Prof. Bryan Caplanbcaplan@gmu.edu
Econometrics lies at the intersection of statistics, economics, and computer science. Essentially, it uses computers to apply statistics to study economics. The primary goal of this course is to introduce you to econometrics and thereby help you become an intelligent consumer of statistics and its application to economics. Throughout the course, there will be a strong effort to keep a good balance between statistics, computing, and economics - but the first part of the course will be weighted more towards statistics, and the second towards economics.
The first part of the course reviews basic statistics, then works out the theory of the most widely used econometric technique, known as multiple regression analysis. The second part of the course turns to applications, with four weeks devoted to applying econometrics to four different substantive economic questions.
You must have competence in basic statistics to succeed in this course. In the first class, you will be provided with a take-home pre-test to see if your preparation is adequate. You will also need to be reasonably familiar with basic micro and macroeconomics.
This class will make extensive use of PC computing using Eviews. I do not assume familiarity with computer programming, but you must know (or be willing to teach yourself) the basics of using the World Wide Web (e.g., how to go to a website, and how to save files from a webpage).
The main text is a reader copying selections from T. Dudley Wallace and J. Lew Silver, Econometrics: An Introductio. For homework and supplemental reading, you will also need David Freedman and David Love, Mathematical Methods in Statistics: A Workbook.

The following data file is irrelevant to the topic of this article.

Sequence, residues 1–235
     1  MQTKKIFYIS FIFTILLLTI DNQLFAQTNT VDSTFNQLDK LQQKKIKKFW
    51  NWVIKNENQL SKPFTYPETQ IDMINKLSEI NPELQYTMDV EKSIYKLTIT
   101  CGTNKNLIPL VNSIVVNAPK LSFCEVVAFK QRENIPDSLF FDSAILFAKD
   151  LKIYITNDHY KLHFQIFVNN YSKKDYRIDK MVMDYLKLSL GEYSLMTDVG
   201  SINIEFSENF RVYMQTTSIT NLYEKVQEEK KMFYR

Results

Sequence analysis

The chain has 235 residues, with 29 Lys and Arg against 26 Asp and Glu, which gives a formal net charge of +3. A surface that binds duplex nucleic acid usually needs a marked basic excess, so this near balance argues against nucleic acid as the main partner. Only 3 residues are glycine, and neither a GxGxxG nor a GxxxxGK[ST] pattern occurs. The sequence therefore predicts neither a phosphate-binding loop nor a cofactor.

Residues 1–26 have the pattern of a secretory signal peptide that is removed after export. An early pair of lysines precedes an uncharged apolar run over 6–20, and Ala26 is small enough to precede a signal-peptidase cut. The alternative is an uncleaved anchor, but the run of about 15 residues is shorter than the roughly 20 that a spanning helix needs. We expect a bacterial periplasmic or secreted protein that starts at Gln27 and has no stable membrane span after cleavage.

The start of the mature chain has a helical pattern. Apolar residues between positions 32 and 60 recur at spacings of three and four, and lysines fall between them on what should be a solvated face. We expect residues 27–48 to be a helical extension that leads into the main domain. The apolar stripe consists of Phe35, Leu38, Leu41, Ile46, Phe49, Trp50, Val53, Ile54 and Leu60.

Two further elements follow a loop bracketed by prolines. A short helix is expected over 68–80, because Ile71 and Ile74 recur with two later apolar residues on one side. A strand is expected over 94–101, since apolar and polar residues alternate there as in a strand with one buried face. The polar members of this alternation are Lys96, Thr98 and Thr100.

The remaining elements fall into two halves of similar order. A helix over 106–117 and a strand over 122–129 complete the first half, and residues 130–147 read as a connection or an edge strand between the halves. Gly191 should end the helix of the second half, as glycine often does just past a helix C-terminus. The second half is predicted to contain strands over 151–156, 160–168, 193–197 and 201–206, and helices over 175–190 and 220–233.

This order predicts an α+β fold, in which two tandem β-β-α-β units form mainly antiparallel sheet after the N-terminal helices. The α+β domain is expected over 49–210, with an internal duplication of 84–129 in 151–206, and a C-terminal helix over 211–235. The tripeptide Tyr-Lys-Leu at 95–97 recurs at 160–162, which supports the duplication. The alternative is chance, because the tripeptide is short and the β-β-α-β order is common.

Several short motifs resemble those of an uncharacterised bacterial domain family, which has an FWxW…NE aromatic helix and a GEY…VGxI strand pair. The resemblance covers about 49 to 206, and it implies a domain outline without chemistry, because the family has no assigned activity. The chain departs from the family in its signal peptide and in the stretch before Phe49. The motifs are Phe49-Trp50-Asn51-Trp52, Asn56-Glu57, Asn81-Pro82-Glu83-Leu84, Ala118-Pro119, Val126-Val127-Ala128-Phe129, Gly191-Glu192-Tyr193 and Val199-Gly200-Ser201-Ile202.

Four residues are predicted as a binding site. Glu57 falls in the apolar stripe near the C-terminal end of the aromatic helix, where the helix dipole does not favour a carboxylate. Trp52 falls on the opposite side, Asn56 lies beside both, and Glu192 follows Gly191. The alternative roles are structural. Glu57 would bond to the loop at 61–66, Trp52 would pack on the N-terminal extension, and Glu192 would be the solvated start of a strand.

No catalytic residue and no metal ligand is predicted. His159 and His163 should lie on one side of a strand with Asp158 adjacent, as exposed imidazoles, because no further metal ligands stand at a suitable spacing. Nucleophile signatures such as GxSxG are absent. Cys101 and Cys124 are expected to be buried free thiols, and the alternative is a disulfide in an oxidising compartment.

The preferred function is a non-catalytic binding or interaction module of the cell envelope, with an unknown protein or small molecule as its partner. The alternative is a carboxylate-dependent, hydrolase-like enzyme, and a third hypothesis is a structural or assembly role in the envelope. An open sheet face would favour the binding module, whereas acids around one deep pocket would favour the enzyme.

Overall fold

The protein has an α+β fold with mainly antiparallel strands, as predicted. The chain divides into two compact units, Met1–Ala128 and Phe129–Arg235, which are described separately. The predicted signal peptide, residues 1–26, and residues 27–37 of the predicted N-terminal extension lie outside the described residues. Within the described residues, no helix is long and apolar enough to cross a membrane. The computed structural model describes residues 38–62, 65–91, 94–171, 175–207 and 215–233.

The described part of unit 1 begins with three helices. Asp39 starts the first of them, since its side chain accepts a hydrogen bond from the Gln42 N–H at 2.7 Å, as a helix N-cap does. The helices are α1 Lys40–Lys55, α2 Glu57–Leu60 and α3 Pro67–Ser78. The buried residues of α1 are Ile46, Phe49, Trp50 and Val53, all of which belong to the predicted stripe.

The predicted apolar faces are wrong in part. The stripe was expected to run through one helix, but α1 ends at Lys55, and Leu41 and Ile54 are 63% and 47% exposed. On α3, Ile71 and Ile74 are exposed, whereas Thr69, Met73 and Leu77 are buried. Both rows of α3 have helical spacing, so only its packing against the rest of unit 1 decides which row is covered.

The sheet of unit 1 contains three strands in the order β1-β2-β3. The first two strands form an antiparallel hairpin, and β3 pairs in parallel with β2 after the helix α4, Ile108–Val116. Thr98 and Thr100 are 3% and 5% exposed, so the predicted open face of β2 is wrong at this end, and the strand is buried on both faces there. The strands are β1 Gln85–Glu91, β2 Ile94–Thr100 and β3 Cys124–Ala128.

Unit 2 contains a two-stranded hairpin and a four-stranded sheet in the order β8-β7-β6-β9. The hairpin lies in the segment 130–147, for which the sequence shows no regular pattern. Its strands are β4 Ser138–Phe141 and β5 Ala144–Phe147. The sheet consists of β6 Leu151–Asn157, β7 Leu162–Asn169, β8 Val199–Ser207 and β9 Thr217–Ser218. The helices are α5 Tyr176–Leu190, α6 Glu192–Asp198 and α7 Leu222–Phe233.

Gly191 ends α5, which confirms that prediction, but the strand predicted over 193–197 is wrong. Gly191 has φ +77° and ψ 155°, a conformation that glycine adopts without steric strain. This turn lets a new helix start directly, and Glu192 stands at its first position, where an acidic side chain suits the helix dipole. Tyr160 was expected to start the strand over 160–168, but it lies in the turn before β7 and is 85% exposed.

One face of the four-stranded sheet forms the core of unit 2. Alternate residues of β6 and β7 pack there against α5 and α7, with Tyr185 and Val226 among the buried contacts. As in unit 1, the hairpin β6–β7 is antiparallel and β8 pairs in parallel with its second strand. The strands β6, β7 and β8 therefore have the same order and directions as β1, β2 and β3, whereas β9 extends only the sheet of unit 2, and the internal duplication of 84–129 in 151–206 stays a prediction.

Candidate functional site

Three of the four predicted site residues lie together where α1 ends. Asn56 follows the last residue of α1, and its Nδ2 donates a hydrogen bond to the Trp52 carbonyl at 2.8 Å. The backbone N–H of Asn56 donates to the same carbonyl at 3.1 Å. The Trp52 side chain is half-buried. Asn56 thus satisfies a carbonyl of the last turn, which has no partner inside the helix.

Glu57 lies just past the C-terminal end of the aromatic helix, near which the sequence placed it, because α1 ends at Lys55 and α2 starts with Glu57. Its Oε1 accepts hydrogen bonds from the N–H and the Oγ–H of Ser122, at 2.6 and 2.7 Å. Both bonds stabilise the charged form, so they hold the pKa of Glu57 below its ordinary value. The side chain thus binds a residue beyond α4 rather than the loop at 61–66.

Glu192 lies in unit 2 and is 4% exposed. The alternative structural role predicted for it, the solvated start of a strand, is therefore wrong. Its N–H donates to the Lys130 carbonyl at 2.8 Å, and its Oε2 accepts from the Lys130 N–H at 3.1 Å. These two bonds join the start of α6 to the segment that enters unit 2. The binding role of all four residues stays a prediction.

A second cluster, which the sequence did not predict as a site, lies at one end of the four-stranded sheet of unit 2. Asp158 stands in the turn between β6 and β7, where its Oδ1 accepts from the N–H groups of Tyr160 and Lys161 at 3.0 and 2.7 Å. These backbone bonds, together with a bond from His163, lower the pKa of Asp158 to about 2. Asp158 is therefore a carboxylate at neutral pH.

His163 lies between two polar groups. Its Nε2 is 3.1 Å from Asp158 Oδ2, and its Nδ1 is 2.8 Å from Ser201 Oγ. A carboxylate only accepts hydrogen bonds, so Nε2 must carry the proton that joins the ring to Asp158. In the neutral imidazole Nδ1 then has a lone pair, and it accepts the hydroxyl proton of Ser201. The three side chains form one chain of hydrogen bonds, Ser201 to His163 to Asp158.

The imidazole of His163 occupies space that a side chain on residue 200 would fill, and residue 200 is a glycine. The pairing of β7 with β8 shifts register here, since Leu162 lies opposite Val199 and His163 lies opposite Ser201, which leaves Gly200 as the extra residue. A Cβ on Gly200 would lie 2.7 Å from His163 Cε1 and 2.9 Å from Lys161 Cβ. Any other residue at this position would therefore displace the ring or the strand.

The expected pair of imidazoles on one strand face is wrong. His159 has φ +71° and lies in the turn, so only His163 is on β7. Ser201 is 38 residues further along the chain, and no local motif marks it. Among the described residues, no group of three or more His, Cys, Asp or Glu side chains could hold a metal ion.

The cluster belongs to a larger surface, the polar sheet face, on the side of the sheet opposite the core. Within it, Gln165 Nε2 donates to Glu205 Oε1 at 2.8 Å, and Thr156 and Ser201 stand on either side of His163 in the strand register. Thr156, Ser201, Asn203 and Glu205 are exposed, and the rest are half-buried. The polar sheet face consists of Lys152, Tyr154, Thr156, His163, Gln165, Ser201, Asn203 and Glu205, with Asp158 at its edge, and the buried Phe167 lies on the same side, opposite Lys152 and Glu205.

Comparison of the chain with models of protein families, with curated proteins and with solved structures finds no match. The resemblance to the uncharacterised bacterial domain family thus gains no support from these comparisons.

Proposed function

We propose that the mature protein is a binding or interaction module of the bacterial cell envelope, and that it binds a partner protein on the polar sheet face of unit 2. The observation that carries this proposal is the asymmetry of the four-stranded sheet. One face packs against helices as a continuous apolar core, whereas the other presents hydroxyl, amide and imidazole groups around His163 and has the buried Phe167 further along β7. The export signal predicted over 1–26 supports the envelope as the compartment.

In addition, you must purchase a copy of Eviews; the best place to do so is surely online at http://www.eviews.com/general/prices.html. The price is $65 for the Student version; once you are sure you will be in the class, order it immediately.
Other materials will be provided on my webpage or in lecture.
Grading and Exams:
There will be one midterm and a final exam - essentially, an exam for each Part of the course. The midterm counts 30%; the final exam is 40%; homework counts for the remaining 30%. These weights are fixed - improvement on later exams will not retroactively raise your grades on earlier exams.
There is no formal grade for participation, but if you are one of the students who (in my judgment) contributes most to the quality of class discussion your grade will be raised if you are on the border between two grades.
There will be approximately six homework assignments during the semester. You will probably find the class very hard to follow if you fail to spend sufficient time on all of the homeworks. Depending upon how good a job you do, your homework will receive a check-plus (4 points), a check (3 points), or a check-minus (2 points) if you turn it in; otherwise you receive 0 points. Late homework loses one point. Late homework is no longer accepted after I pass out my suggested answers for a given assignment.
The best way to contact me is by email at firstname.lastname@example.org. Many questions and requests can be satisfied by going to my homepage at http://www.gmu.edu/departments/economics/bcaplan. My office is in 326 Enterprise Hall; my office number is 3-1124. My official office hours are MWF 1:30-2:30, but you can also schedule an appointment or just drop by and see if Iím available.
My proposed schedule for the semester follows. If it proves too ambitious, I will try to simply say less about each topic rather than cut the topics for the final weeks.
PART I: Econometric Theory
Weeks 1-2: Brief Review of Basic Statistics
Wallace and Silver, Econometrics, pp.1-24; 47-59.
Weeks 3-4: Regression with One Variable
Wallace and Silver, Econometrics, pp.74-91
Handout: Introduction to Eviews
Week 5: Choice of Functional Forms
Wallace and Silver, Econometrics, pp.114-122.
Weeks 6-7: Multiple Regression
PART II: Econometric Practice
Week 8: Types of Data
Week 9: Dummy and Trend Variables
Wallace and Silver, Econometrics, pp.210-224.
Week 10: Endogenous vs. Exogenous Variables
Wallace and Silver, Econometrics, pp.336-339.
Week 11: Simple Econometrics and the Phillips Curve
Steven Landsburg, "New, Improved Football: How Economists Go Wrong"
Week 12: Simple Econometrics and Monetarism
Week 13: Simple Econometrics and the Random Walk Hypothesis
Steven Landsburg, "Random Walks and Stock Market Prices: A Primer for Investors"
Week 14: Simple Econometrics and Indices of Economic Freedom
The Economic Freedom of the World at:
Week 15: Being an Intelligent Consumer of Econometrics